Now recommendations and tips on wing-overs… after coming out of that second turn, in this scenario the left turn… check your center point on the horizon and make sure you are still centered. Make sure that at no point during the wing-over do you hang onto the risers. I have seen guys do this and go from wing-over to spin. Always look at the canopy outside tip when you are learning the timing, because it is not natural. Most guys initiate the next turn, when the canopy is at the apex. This can be very dangerous and will usually result in a side slip with a huge outside collapse. Don’t forget to pop the outside brake once the canopy has passed the apex. This will slow the glider for just long enough for your body to swing through instead of fall through which most people do and screws up the wing-over momentum. When you start with wing-overs don’t do more than four in a row… as a beginner you will loose your equilibrium and start to get a little confused with out understanding why. Also try not to practice for more than 10-15minutes in a row as a beginner, because I guarantee in a few weeks you will be banking over 90 and this will also distort your equilibrium. The constant rush and drain of blood to and from the head also adds to dizziness, which can be very dangerous. Lastly, please, please, please don’t do this close to the ground. When you are learning the mechanics of it, you will have a lot of outside collapses, because your timing is off, you don’t give a hard enough pop, or an inside collapse, because you tried to give brake when the canopy was at the apex instead of past it… so you side slip. All of these can result in huge problems including spin, flat spin, cravatte, and pilot falling into lines. So give yourself plenty of space. Of all the maneuvers I see guys get hurt performing spirals and wing-overs lead the pack by a huge margin. I guarantee that while you are learning you will have some big collapses and you may need some time to recover. So Marshall guys probably did two or three things wrong. Not giving a little extra pop to get the glider turned downward after the Apex. This will often result in a collapse on the inside wing as the pilot falls downward past the glider, sometimes the wing will automatically try to return to equilibrium and level flight and will turn past the apex with the energy it has built from a previous wing-over, especially if the body is leaning into it. This could result in temporary loss of pressure along the leading edge as the wing charges downward and the pilots body is not yet on the same path. This leads to the second more likely occurrence, which is that the pilot did not apply enough outside break pressure after turning past the apex, to slow the glider momentarily as the pilots body regains downward momentum. This outside break and inside break will pull the tips back slightly as the pilot’s body catches up with the glider, which keeps the leading edge solid. Without this pressure, big frontal collapses are a possibility… or little ones as the Marshall guys may have demonstrated. Finally, they could have been using a ton of brake without much body involvement, which means they have to keep slowing their glider, then letting it shoot forward, without having drastic changes in their cg which would have kept the wing much more solid and efficient. These of course are just a couple of theories and I could probably come up with a few more. Tough to do without having seen it first hand. I don’t believe that these wing-over frontals where a result of a design flaw in the camber area, pressure center of the Bag. I tend to think it was more of a pilot error, or timing problem. Hope this helps, would love any feedback.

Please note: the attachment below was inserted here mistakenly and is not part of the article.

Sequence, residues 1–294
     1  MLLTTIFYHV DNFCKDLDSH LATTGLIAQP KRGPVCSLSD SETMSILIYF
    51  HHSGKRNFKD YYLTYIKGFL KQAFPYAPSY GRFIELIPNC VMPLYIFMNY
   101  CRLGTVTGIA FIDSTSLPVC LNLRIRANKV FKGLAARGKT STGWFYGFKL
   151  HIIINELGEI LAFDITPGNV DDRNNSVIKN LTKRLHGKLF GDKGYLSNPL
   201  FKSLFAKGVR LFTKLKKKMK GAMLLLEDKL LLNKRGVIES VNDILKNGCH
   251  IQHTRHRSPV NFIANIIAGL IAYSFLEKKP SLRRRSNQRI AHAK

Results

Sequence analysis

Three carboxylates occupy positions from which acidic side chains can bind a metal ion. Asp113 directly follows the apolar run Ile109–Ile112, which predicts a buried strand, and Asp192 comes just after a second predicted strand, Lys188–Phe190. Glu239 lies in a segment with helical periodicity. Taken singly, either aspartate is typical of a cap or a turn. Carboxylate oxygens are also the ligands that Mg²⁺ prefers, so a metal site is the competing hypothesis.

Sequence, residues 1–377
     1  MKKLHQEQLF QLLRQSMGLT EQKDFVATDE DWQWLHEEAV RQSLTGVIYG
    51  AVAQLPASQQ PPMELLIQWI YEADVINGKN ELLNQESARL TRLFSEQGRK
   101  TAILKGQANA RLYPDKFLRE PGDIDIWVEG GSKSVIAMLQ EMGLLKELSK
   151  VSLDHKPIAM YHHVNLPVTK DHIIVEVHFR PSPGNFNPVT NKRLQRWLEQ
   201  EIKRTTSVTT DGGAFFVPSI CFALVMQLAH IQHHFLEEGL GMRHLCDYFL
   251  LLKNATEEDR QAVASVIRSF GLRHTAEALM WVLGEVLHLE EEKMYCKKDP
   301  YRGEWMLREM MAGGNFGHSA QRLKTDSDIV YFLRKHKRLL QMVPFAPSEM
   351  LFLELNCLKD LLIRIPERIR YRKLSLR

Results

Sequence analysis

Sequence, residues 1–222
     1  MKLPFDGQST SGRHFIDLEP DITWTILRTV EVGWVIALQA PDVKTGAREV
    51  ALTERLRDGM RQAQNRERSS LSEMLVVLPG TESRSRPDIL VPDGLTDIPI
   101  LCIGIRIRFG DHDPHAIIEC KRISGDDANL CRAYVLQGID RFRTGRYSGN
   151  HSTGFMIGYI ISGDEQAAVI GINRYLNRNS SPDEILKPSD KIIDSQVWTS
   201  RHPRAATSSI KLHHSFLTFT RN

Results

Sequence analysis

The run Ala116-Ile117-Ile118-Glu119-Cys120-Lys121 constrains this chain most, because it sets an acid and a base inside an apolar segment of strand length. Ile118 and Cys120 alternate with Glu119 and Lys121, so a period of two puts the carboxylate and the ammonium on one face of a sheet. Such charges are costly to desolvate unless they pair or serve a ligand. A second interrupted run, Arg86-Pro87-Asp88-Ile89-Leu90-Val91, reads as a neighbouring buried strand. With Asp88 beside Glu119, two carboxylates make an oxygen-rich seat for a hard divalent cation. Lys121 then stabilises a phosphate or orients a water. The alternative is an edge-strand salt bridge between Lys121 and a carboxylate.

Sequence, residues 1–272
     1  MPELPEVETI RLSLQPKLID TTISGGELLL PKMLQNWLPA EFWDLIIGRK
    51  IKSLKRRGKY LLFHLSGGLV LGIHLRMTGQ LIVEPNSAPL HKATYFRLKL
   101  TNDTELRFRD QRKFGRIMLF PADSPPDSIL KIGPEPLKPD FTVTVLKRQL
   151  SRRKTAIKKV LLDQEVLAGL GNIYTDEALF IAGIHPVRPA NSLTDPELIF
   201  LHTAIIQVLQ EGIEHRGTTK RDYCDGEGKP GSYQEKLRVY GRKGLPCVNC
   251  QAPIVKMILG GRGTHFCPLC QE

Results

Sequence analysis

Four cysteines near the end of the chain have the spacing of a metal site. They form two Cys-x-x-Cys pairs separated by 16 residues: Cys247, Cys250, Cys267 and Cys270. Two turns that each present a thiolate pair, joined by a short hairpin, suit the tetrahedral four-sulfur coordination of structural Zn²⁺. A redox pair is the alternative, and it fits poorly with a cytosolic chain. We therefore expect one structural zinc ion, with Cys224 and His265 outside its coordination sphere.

by Gabriel Jebb
Here are a few tips to help improve your thermal flying.
1. Listen to your variometer. As you hear its pitch increase, indicating stronger lift, straighten up your flight path a bit so that you fly deeper into the strongest part of the thermal. When your vairos pitch decreases, indicating weaker lift, tighten up your turn to get back to where you just came from. If your variometer indicates a constant rate of climb, circle as flat as possible.
Climb rate increases -> Widen your turn
Climb rate decreases -> Tighten your turn
Climb stays the same -> Turn as flat as possible
2. Fly with your GPS zoomed in to about 200m. At this setting you can easily see the circular track log left while coring a thermal. If you inadvertently drift too far in one direction and fall out the side of the thermal simply look at your GPS track log to guide you back into the thermal.
3. If you’re flying downwind and you enter a thermal start your turn immediately.The strongest lift is usually found on the upwind side of a thermal. By doing this you will avoid flying out the back side of the thermal and into strong sink.
4. If you are flying upwind and you enter a thermal continue to fly straight until you either fly into a strong core or fly out the front edge of the thermal. While flying upwind it’s no big deal to flying out the front edge of a thermal as you can simply make a 180 degree turn and with the aid of a tail wind fly back in the thermal.
5. If you need to reverse your direction in a thermal, wait until you are on the upwind side, then make your direction change by turning into the wind. If you end up flying out of the thermal it will be on the upwind side. As you complete your turn you will have a tailwind to help push you back into the thermal. See the illustration below.